California bans unnecessary pesticide, chemical testing on dogs and cats
California will ban the testing of harmful chemicals on dogs and cats, effectively becoming the first state in the U.S. to remove the option for companies seeking to learn about the harmful effects from their products.
Gov. Gavin Newsom signed the bill into law Monday along with several other bills aimed at protecting animal welfare in the state. The law goes into effect Jan. 1.
State Sen. Scott Wiener (D-San Francisco) authored Senate Bill 879, which bans unnecessary toxicity testing that exposes dogs and cats to industrial and consumer products. Products tested on animals include pesticides, chemical substances and food additives, Wiener said.
“For many families, including my own, pets are beloved companions that enrich our lives every day,” Newsom said in a statement. “I’m proud to sign this legislation to advance our state’s leadership on animal welfare by ending cruel and unnecessary testing on dogs and cats, among other measures to protect the health and safety of pets in California.”
L.A. Animal Services recently began allowing volunteers to handle dogs — sometimes abused or neglected — who are considered evidence in legal cases and spend months or even years at a shelter.
Testing involves exposing animals to products to better understand what harms can be expected when they are used by humans. But the process is often painful for animals, according to the nonprofit Physicians Committee for Responsible Medicine. The testing includes observing animals for toxic effects over an extended period of time, including vomiting, diarrhea, convulsions, death and other serious side effects. Some animals are bred specifically to be exposed to harmful products in laboratory settings, according to Wiener’s office.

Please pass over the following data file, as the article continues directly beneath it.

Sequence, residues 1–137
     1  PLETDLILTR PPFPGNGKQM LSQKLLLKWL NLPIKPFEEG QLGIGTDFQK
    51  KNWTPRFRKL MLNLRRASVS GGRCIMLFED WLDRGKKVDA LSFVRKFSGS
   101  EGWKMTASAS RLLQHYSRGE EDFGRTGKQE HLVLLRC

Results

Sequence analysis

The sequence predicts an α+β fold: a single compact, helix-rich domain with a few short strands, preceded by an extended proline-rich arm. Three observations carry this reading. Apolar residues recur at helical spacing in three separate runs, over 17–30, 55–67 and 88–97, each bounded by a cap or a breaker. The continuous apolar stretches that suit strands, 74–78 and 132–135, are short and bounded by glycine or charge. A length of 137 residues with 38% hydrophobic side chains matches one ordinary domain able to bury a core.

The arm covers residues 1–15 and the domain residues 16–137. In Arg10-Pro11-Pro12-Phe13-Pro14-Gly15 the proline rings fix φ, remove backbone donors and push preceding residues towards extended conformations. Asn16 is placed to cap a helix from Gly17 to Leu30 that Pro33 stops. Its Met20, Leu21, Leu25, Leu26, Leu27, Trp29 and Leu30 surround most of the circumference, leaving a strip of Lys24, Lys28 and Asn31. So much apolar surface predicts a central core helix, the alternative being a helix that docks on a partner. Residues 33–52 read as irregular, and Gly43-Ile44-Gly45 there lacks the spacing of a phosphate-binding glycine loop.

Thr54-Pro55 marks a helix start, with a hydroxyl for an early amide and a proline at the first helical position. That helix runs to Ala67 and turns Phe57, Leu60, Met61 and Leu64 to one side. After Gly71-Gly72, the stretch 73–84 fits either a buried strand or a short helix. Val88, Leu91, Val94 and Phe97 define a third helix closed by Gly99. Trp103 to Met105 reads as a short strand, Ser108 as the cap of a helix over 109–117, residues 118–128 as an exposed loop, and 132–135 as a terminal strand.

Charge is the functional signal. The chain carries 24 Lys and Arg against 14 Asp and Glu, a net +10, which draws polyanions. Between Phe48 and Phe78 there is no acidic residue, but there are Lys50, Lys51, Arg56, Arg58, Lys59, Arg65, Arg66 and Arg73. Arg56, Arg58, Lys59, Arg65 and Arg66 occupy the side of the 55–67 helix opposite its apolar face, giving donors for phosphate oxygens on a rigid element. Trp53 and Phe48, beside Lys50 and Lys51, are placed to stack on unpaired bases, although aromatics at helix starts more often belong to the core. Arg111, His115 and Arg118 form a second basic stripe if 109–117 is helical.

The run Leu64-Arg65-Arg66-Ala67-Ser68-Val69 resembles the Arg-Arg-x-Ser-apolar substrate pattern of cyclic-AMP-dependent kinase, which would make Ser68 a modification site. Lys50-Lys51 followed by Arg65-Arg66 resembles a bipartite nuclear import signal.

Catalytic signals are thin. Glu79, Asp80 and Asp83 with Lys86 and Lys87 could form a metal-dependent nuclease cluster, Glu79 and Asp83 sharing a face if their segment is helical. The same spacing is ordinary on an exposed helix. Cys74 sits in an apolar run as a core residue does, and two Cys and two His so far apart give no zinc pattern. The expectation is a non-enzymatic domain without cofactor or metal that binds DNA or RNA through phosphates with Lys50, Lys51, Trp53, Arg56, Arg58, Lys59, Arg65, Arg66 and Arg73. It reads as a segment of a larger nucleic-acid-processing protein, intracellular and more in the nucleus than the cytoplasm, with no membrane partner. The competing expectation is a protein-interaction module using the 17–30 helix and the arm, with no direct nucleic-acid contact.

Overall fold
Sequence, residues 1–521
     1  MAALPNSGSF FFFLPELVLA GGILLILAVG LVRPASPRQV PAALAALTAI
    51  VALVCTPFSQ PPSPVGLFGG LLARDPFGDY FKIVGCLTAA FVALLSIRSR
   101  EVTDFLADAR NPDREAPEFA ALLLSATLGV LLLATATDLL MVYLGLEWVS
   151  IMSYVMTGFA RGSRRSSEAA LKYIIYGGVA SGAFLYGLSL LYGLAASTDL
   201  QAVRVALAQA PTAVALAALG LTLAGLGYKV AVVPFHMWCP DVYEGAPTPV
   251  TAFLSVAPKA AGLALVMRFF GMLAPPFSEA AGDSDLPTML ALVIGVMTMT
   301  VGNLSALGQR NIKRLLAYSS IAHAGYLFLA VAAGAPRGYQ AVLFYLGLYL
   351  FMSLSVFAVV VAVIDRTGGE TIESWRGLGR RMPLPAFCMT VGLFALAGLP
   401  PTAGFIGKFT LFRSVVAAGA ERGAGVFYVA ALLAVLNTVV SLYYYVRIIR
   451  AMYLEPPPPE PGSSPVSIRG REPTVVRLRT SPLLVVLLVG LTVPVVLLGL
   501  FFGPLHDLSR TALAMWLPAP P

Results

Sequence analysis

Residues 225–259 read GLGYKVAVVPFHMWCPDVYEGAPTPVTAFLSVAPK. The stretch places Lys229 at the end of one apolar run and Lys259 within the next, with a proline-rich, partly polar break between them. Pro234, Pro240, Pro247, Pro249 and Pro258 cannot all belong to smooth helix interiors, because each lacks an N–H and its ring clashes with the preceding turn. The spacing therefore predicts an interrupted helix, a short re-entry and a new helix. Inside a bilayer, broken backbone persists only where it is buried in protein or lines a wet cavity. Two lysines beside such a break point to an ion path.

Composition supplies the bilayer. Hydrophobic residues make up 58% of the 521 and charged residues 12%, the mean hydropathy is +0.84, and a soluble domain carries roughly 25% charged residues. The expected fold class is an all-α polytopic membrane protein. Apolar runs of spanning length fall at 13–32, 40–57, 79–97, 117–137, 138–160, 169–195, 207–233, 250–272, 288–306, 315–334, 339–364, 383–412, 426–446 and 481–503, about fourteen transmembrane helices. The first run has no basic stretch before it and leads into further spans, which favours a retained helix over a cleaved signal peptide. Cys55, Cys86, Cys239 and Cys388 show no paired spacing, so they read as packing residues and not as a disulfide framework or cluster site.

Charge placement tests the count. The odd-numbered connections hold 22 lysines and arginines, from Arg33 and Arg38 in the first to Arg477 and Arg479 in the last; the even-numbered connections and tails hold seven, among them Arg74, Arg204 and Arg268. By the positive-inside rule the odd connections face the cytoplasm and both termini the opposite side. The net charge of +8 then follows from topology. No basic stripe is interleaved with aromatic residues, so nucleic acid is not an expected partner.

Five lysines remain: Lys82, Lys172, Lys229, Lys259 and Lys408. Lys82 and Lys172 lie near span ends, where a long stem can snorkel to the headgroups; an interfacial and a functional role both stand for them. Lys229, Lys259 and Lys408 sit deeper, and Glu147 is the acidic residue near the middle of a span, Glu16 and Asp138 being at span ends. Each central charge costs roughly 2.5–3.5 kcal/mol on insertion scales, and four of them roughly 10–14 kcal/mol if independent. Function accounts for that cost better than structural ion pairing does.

The Prohibiting Extraneous Testing Act will not apply to products intended for use on dogs and cats including medicines, such as anesthesia and cancer treatment. It is the first of its kind in the country.
“Animal testing that has no scientific value and causes terrible pain and suffering is inhumane, unnecessary, and cruel,” Wiener said in a statement. “The PET Act protects cats and dogs from this type of testing, and helps these animals live long, healthy lives.”
Is it possible to humanely experiment on beagles (or cats, monkeys, mice and fish)? Activists and researchers disagree.
The most recent example of animal testing involved 4,000 beagles bred in captivity at a research facility in Virginia. The dogs were living in unsafe conditions at an Envigo RMS facility. A sizable number of those dogs have since been relocated to California, said Kitty Block, chief executive of the Humane Society of the United States.
“As we celebrate California becoming the first state in the nation to prohibit certain testing on dogs and cats, we extend our gratitude to Governor Newsom for signing The PET Act, SB 879, into law,” Block said in a statement. “Almost 500 beagles recently arrived in California after our organization led a historic effort to remove nearly 4,000 beagles from a mass breeding facility that sold dogs to laboratories for experimentation.”
Animal rescue and advocacy groups say the type of testing done on dogs and cats is ineffective at indicating harmful effects in humans. About 60,000 dogs each year are used in government, university, commercial and private industry laboratories, according to the Humane Society.
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